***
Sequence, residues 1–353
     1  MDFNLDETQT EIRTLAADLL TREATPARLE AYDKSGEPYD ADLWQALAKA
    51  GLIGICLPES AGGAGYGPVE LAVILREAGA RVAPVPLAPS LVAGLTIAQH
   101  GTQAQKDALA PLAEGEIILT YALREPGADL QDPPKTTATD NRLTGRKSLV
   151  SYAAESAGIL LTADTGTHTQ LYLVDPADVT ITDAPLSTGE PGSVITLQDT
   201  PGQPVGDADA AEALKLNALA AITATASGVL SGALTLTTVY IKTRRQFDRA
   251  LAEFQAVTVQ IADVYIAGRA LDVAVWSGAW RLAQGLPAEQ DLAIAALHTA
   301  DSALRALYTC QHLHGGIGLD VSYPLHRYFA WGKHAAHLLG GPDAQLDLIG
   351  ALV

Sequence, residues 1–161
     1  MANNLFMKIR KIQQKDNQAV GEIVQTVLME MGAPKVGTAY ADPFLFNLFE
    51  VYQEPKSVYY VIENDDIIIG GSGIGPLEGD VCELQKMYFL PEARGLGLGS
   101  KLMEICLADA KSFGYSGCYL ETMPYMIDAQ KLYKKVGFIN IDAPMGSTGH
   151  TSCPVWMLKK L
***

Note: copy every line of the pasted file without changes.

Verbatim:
Sequence, residues 1–353
     1  MDFNLDETQT EIRTLAADLL TREATPARLE AYDKSGEPYD ADLWQALAKA
    51  GLIGICLPES AGGAGYGPVE LAVILREAGA RVAPVPLAPS LVAGLTIAQH
   101  GTQAQKDALA PLAEGEIILT YALREPGADL QDPPKTTATD NRLTGRKSLV
   151  SYAAESAGIL LTADTGTHTQ LYLVDPADVT ITDAPLSTGE PGSVITLQDT
   201  PGQPVGDADA AEALKLNALA AITATASGVL SGALTLTTVY IKTRRQFDRA
   251  LAEFQAVTVQ IADVYIAGRA LDVAVWSGAW RLAQGLPAEQ DLAIAALHTA
   301  DSALRALYTC QHLHGGIGLD VSYPLHRYFA WGKHAAHLLG GPDAQLDLIG
   351  ALV

Sequence, residues 1–161
     1  MANNLFMKIR KIQQKDNQAV GEIVQTVLME MGAPKVGTAY ADPFLFNLFE
    51  VYQEPKSVYY VIENDDIIIG GSGIGPLEGD VCELQKMYFL PEARGLGLGS
   101  KLMEICLADA KSFGYSGCYL ETMPYMIDAQ KLYKKVGFIN IDAPMGSTGH
   151  TSCPVWMLKK L